Until now, only the microscopic behavior of the nuclei has been considered. However, any real sample contains a tremendous number of nuclei – a drop of water, for instance, contains about 10²¹ nuclei.
Macroscopically we observe the net effect of all microscopic events. In the presence of an external field, nuclei with magnetic properties similar to those of protons can occupy either the stable (and lower) energy state or be in the excited (upper) state, which has a slightly higher energy.
The energy difference between these two states is so small that the number of nuclei occupying each of the states is almost identical. Out of a million nuclei, there are only a few more low-energy nuclei than high-energy nuclei. Since the signal obtained in a magnetic resonance experiment depends on the difference in population between the two states, the resulting signal is very weak.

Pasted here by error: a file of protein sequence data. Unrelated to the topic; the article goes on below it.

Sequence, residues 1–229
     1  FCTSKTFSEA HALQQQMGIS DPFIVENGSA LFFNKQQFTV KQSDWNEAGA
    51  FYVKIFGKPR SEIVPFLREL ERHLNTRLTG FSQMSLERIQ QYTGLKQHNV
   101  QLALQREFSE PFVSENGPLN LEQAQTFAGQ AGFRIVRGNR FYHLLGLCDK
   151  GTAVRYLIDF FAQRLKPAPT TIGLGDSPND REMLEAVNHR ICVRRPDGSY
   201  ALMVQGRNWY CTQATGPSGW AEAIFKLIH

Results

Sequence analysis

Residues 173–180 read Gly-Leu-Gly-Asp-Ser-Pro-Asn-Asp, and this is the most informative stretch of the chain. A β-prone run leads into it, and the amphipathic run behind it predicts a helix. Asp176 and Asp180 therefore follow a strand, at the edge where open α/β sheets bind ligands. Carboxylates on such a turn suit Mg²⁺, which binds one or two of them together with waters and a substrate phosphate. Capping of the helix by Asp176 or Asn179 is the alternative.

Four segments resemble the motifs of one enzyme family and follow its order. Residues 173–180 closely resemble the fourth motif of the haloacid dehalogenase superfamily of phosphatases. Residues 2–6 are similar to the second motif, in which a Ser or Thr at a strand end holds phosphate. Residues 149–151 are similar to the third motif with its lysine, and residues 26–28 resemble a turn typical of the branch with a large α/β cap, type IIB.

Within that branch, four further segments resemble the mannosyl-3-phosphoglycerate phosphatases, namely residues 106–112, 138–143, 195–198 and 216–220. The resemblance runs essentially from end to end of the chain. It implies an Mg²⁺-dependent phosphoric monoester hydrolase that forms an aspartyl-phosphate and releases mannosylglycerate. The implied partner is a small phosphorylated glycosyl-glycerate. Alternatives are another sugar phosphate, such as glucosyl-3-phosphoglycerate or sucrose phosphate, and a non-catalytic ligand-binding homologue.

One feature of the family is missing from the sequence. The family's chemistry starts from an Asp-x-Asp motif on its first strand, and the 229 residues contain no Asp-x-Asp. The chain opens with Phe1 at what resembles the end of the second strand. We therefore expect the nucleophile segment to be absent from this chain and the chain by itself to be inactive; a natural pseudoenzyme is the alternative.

This is the reason why MR imaging has low sensitivity compared to, for instance, radioisotope studies. This handicap can be overcome by exploiting hyperpolarization. It allows an increase in signal enhancement by a factor of 100,000. However, these techniques are complex, require special equipment and are not available in clinical imaging.
Figure 02-09 shows that the sum of the nuclei precessing around the direction of the external field is equivalent to a single magnetic moment, called net magnetization. This represents the total magnetization of the population difference (those excess nuclei in the lower energy level at equilibrium). To detect this net magnetization, it is necessary to tip it away from the axis of the main field. This is achieved with an electromagnetic pulse at the resonance frequency.